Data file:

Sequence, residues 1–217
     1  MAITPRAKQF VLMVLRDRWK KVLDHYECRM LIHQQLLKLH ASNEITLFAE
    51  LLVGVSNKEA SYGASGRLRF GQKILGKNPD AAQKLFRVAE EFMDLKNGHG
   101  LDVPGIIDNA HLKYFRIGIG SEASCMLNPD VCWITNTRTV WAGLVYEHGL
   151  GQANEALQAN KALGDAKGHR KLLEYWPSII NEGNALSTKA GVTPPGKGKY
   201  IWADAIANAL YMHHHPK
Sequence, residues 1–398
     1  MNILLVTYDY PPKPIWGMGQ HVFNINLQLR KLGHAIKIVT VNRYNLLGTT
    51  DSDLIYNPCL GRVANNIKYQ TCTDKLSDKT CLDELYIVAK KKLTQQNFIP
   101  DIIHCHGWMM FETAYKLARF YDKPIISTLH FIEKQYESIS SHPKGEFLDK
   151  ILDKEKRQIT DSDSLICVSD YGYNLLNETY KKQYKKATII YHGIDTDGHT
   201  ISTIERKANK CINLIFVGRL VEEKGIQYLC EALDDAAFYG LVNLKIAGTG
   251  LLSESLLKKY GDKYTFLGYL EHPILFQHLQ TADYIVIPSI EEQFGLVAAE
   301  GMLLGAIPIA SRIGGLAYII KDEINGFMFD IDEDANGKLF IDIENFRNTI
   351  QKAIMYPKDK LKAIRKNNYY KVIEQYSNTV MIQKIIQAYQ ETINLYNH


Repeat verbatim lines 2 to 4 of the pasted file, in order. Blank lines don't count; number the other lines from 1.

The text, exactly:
     1  MAITPRAKQF VLMVLRDRWK KVLDHYECRM LIHQQLLKLH ASNEITLFAE
    51  LLVGVSNKEA SYGASGRLRF GQKILGKNPD AAQKLFRVAE EFMDLKNGHG
   101  LDVPGIIDNA HLKYFRIGIG SEASCMLNPD VCWITNTRTV WAGLVYEHGL